Learn something new everyday, or at least try to.
A couple of students are going to write research papers on Massively Multiplayer Online Games (MMOG’s). These are much larger online versions of what once were called RPG’s. Role Playing Games. The new, huge, complicated games allow one to construct a character or persona out of an immense array of qualities, as well as magical powers, and of course weapons.
The purpose of these games is to win. I find on MPogD.com—a clearing house page for a vast variety of games—the following “news flash”: “Round 7 of Worlds of War has now ended, many congratulations to Sean von Utopia (2:2) who made it to the top of the scoreboard.” Sean von Utopia, probably not the name of the actual person, Won! Pretty soon Round 8 of Worlds of War is scheduled to start up.
By winning and even if one doesn’t come out on the top, like Sean von Utopia, one scores points. I believe some of these points may be carried over to the next version of a game, and of course the more points one scores during a game means more power to you in the course of a game.
This points business, as well as the creation of characters that become famous like Sean Von Utopia, has led to a strange practice called “gold mining.” Youths, apparently located mostly in China, are paid something like 200 dollars a day to mine gold, to contact players, to offer them “real money”—if there is actually such a thing—for virtual points. The virtual points are then resold (in exchange for “real money”–) to people who want points for the game in progress.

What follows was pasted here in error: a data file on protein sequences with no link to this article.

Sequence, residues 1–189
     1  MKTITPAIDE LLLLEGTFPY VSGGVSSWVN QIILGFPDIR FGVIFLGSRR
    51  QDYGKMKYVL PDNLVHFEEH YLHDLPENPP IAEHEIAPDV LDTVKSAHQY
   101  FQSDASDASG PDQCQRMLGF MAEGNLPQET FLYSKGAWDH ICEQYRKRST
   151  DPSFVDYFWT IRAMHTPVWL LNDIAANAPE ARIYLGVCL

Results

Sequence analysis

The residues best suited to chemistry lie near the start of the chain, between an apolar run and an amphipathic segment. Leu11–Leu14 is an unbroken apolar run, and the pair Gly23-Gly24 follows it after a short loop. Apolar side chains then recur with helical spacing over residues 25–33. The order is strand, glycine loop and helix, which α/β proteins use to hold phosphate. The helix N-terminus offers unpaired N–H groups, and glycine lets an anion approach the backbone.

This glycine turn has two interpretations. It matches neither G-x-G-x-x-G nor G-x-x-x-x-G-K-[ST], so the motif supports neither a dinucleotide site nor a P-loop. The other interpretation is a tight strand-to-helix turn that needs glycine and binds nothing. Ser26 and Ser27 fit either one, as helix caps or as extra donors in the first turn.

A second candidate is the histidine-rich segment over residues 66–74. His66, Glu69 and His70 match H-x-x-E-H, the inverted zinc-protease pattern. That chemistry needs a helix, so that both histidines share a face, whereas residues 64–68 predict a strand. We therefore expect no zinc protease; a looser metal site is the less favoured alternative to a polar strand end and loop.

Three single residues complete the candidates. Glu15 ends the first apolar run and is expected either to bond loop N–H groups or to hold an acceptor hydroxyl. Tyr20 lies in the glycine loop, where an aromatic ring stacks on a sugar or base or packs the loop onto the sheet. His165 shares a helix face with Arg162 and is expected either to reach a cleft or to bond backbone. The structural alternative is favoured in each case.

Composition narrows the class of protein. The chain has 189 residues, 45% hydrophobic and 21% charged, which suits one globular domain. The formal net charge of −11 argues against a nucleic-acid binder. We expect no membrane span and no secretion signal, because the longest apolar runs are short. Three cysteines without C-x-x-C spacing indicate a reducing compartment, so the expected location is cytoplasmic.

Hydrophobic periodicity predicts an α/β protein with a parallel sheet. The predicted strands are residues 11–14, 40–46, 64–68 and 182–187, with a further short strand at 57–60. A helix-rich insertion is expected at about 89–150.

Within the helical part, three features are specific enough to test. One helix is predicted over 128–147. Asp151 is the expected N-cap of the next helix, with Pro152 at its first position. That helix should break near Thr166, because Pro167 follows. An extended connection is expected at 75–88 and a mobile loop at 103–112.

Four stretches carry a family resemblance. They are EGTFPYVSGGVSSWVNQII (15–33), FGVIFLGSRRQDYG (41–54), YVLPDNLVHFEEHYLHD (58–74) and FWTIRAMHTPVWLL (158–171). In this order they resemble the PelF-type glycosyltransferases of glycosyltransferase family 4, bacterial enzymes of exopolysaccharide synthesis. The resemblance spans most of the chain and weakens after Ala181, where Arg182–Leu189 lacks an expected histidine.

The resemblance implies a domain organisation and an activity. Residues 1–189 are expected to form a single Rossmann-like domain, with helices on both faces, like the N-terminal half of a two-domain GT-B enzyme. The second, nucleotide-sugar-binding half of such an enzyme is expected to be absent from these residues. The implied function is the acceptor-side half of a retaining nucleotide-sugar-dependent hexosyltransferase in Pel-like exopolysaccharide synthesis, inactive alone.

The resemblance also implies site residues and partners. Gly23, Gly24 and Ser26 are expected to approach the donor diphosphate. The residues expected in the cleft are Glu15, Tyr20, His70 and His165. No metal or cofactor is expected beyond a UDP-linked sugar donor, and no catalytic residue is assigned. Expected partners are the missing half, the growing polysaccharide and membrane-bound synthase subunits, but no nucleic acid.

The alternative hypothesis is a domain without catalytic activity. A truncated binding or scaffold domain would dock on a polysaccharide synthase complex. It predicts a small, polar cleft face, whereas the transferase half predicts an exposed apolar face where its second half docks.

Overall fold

Even more money apparently can be made by the buying and selling of whole characters. The real person who created Sean von Utophia may be approached by a buyer who wants to be Sean von Utophia and makes the creator of Sean von Utophia an offer he can’t refuse.
My student reports that he met people online who spent as much as a $1000 dollars a month to buy bits and pieces of virtual or imaginary reality for the purposes of game playing. Most of the buying and trading was done on Ebay which has now however banned the sale of virtual reality on its site. Too much possibility apparently of fraud when one is selling an object that doesn’t exist.
I find something vaguely and remotely disturbing about this. I can’t say why exactly. I think this has something to do with a theory I once had. That our tools tend to generate conceptions of reality that may or may not be correct. I believe the computer for example led for some time to a conceptualization of the human brain as computer like. Decartes for example was in part led to conclude that others might not be people but machines because of clock work like machines made for royalty that mimicked the movements of “people.” Tools do not simply manipulate a reality; they manifest one. What is the world of MMOG’s manifesting.